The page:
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Verification of the Ages of Supercentenarians in the United States: Results of a Matching Study
Ira Rosenwaike and Leslie F. Stone
Vol. 40, No. 4 (Nov., 2003), pp. 727-739
Stable URL: http://www.jstor.org/stable/1515205
Page Count: 13
You can always find the topics here!Topics: Age, Censuses, Older adults, Mortality, Census records, Demography, Age distribution, Death certificates, Birth certificates, Longevity
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Unprecedented declines in mortality among the very old have led to the emergence of "true" supercentenarians (persons aged 110 and over). The ages of these individuals have been well-documented in European countries with a history of birth registration, but have not been systematically studied in the United States, which lacks similar documentation and where the inaccuracy of age reporting has been an issue. To verify age, we linked records from the Social Security Administration for close to 700 individuals who died from 1980 to 1999 purportedly at ages 110 and older to records of the U.S. censuses of 1880 and 1900, conducted when these individuals were children. This group was a residual group from an earlier file that was reduced by the SSA after data checks that eliminated incorrect records. The results of the matched records for the residual file indicate that over 90% of the whites were accurately reported as supercentenarians, but only half of the blacks appeared to have attained age 110. The verification of age shows that the United States has more "true" supercentenarians than do other nations.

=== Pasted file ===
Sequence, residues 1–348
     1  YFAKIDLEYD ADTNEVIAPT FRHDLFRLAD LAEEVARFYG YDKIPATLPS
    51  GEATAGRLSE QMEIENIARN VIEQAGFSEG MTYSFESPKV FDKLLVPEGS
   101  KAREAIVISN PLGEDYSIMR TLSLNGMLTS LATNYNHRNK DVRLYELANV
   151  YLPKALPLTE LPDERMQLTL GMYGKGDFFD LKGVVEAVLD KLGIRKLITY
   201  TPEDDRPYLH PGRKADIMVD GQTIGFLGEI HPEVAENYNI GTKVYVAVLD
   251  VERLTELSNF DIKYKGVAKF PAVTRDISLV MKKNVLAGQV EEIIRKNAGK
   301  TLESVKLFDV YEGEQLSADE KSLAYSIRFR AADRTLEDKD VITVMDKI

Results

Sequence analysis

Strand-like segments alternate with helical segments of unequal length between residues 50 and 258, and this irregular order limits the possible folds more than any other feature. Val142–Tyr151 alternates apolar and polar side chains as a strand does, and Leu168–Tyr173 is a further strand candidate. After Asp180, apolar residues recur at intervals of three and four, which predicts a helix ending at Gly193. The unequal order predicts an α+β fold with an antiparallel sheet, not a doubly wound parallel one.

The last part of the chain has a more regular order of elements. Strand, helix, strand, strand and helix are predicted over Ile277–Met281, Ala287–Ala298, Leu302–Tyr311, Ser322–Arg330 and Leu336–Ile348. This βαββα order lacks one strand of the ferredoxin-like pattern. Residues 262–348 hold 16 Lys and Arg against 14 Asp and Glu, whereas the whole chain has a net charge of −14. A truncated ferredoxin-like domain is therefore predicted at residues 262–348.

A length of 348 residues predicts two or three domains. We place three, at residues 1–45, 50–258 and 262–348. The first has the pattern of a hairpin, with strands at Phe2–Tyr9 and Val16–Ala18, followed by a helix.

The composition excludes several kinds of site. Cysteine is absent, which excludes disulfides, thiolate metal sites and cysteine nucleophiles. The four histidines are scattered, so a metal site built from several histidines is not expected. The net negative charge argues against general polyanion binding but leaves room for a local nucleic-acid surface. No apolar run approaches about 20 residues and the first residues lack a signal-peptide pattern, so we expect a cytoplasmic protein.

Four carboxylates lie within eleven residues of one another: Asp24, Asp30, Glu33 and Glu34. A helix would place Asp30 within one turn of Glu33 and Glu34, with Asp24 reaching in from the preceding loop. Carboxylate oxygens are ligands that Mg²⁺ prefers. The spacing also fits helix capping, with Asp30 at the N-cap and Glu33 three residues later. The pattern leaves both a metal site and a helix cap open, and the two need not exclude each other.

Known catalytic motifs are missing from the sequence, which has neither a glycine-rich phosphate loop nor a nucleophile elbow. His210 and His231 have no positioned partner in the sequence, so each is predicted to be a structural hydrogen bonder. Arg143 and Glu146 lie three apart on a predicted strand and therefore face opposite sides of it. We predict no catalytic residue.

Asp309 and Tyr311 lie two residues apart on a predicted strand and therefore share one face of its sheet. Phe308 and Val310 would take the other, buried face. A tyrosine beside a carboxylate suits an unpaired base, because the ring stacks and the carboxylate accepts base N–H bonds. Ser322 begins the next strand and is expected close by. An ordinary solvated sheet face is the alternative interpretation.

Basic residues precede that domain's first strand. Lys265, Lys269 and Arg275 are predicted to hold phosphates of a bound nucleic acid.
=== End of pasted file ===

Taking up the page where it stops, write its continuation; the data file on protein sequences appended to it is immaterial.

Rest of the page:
Demography © 2003 Population Association of America